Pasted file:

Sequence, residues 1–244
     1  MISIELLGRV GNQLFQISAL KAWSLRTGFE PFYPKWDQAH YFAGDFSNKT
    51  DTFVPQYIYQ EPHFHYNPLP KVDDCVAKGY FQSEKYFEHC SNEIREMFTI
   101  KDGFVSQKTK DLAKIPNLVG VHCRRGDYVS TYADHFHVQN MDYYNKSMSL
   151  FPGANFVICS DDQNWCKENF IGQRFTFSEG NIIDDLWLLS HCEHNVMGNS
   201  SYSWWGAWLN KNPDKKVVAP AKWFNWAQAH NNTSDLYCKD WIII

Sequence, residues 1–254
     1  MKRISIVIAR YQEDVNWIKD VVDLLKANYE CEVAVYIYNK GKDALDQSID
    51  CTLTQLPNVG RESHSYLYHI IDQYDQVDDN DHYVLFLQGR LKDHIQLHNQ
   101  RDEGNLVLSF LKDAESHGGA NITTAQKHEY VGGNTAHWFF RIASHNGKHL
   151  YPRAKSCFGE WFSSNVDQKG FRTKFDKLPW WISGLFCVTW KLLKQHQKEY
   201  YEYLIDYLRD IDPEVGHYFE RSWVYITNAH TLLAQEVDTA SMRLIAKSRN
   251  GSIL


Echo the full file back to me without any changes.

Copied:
Sequence, residues 1–244
     1  MISIELLGRV GNQLFQISAL KAWSLRTGFE PFYPKWDQAH YFAGDFSNKT
    51  DTFVPQYIYQ EPHFHYNPLP KVDDCVAKGY FQSEKYFEHC SNEIREMFTI
   101  KDGFVSQKTK DLAKIPNLVG VHCRRGDYVS TYADHFHVQN MDYYNKSMSL
   151  FPGANFVICS DDQNWCKENF IGQRFTFSEG NIIDDLWLLS HCEHNVMGNS
   201  SYSWWGAWLN KNPDKKVVAP AKWFNWAQAH NNTSDLYCKD WIII

Sequence, residues 1–254
     1  MKRISIVIAR YQEDVNWIKD VVDLLKANYE CEVAVYIYNK GKDALDQSID
    51  CTLTQLPNVG RESHSYLYHI IDQYDQVDDN DHYVLFLQGR LKDHIQLHNQ
   101  RDEGNLVLSF LKDAESHGGA NITTAQKHEY VGGNTAHWFF RIASHNGKHL
   151  YPRAKSCFGE WFSSNVDQKG FRTKFDKLPW WISGLFCVTW KLLKQHQKEY
   201  YEYLIDYLRD IDPEVGHYFE RSWVYITNAH TLLAQEVDTA SMRLIAKSRN
   251  GSIL